No wonder we have a war between ranchers and the federal government-
What the textbooks say Pinchot was about-(Gifford Pinchot along with T. Roosevelt were the founders of our public lands systems)
“Gifford Pinchot, an influential citizen and later as director of the National Conservation Commission, advocated environmental conservation as he witnessed the nation’s forests and wild lands being increasingly given over to development.” Human Geography, Knox, Marston, EWU textbook
What Pinchot actually said-“The first principal of conservation is development, the use of the natural resources on this continent for the benefit of the people who live here now. There may be as much waste in neglecting the development and use of certain natural resources as there is in their destruction.” Gifford Pinchot, the Fight for Conservation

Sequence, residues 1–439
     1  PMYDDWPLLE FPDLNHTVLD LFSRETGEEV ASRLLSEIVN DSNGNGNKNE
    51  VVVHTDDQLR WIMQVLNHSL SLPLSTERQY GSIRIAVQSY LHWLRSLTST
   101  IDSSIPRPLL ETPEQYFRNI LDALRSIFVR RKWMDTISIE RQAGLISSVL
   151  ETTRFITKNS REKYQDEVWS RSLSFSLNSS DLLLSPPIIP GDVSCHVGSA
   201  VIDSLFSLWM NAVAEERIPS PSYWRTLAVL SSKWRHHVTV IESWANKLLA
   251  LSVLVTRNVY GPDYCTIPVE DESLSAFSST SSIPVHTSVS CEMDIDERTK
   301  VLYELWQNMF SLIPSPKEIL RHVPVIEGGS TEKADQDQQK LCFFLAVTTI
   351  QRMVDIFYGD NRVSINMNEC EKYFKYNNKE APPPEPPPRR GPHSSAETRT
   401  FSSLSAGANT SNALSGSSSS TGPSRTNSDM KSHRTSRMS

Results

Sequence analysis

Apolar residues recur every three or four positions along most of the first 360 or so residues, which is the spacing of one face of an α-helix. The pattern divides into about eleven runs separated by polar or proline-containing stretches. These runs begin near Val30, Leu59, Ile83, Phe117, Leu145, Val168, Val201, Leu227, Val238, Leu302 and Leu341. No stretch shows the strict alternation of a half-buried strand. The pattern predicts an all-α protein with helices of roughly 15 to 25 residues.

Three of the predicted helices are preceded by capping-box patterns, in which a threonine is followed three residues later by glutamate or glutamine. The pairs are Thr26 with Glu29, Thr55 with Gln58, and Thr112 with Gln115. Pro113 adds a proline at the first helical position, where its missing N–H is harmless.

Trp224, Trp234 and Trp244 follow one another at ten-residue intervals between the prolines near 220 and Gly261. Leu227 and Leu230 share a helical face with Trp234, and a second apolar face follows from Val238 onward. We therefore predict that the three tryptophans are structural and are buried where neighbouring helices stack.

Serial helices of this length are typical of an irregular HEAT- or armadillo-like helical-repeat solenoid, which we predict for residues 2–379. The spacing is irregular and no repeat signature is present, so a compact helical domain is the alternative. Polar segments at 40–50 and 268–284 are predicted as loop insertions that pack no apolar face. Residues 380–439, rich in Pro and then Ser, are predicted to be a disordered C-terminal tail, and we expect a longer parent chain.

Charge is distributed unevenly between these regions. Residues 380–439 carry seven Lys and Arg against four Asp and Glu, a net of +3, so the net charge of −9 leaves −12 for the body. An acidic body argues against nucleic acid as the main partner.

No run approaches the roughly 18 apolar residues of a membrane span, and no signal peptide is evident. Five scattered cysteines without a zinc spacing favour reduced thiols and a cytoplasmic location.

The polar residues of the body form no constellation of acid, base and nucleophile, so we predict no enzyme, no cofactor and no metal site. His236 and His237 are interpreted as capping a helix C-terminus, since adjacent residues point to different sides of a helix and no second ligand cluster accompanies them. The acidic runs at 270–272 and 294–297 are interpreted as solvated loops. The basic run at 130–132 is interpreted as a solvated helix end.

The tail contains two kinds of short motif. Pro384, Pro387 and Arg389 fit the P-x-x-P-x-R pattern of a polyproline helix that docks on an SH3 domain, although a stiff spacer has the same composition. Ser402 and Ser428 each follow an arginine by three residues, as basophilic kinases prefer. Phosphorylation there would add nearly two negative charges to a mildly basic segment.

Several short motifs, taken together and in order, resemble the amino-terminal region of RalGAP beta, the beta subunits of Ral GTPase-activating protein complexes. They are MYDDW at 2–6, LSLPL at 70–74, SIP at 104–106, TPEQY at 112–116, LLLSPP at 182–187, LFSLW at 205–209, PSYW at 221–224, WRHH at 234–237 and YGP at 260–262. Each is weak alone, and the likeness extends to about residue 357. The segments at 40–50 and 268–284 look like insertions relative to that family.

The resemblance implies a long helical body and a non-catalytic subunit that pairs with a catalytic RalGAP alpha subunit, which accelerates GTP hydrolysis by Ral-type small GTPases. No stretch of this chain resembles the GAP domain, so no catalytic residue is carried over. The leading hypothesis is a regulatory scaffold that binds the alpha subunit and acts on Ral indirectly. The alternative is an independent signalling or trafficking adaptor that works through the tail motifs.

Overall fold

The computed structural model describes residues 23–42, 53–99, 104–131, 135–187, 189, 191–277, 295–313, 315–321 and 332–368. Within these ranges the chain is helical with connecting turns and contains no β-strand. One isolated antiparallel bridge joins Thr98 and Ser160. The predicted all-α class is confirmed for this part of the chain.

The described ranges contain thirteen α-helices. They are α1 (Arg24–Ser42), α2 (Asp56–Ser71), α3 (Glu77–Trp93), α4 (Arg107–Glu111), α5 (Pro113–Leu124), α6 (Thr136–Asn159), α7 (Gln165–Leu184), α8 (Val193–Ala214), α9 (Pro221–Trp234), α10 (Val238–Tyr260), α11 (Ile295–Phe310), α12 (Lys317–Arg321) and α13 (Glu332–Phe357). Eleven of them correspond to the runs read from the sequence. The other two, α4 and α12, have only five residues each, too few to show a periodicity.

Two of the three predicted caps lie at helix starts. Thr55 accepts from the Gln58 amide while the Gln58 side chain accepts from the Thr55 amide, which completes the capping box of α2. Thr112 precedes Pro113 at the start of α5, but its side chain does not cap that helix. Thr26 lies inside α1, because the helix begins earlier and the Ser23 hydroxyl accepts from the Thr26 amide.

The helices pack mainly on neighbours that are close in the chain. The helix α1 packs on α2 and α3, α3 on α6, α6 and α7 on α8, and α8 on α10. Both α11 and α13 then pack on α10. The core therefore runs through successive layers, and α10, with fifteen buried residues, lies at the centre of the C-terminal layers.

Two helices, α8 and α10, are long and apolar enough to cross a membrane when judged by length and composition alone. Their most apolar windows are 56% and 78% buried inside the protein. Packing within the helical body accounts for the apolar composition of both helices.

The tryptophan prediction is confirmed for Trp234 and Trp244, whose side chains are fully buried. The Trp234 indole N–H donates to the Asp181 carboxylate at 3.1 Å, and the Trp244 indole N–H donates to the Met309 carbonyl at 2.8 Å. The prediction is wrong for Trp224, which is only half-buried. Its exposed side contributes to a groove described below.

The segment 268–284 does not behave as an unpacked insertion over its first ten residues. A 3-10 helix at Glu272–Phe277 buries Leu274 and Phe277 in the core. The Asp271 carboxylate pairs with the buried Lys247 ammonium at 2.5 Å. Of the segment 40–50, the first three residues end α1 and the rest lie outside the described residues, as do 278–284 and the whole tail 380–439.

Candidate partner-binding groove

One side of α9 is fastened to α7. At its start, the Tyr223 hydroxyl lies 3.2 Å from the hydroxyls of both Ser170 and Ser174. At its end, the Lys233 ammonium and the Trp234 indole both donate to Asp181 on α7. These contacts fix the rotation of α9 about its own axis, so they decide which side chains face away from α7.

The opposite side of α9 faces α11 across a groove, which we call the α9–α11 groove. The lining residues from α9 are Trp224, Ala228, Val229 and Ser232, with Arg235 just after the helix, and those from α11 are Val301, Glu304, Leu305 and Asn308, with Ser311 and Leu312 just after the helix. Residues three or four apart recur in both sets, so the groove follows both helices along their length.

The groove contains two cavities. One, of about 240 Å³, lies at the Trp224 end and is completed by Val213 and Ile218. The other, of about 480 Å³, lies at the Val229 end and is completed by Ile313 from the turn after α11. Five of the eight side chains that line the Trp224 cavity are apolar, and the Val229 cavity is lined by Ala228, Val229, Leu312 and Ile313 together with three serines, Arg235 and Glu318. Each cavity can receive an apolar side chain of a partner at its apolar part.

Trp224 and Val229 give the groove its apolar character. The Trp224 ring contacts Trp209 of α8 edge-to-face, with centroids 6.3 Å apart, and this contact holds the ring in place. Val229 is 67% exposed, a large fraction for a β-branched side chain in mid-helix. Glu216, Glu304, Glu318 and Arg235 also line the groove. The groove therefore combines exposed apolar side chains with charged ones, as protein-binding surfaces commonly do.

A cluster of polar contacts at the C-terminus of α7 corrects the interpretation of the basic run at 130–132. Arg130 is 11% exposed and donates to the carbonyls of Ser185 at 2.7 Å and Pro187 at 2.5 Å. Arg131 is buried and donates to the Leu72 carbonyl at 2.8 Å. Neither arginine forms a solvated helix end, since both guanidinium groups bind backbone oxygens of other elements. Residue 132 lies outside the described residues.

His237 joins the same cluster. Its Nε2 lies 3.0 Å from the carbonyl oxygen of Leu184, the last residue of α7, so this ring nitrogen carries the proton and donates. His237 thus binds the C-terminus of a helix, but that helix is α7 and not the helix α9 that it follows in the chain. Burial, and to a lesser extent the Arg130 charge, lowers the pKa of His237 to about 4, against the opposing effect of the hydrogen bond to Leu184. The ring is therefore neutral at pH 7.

The federal government, like in almost everything else, has adopted an atheist or pantheist view of our natural resource management on public land; this has caused tremendous hardship on rural taxpayers, ruined economies and is ruining the graze and forest areas themselves. It also is negatively affecting the lands ability to sequester carbon efficiently. They have taken a view in direct opposition to the men that founded the forest service and BLM and to the bible itself- and this view has failed.
The textbook writers would, with a sleight of hand, have you believe that modern day environmentalists share a common view of the environment with the early founders of the conservation movement. They don’t. Modern environmentalists view man as an alien and believe the best use of resources is to leave them alone. Many of them are pantheists; they view the earth as a living being that should be worshiped. Pinchot and all of the leaders of the conservation movement held basically Christian worldviews, and believed that the earth had been created with man in mind.
“The first great fact about conservation is that it stands for development. There has been a fundamental misconception that conservation means nothing but the husbanding of resources for future generations. There could be no more serious mistake.” Pinchot, the Fight for Conservation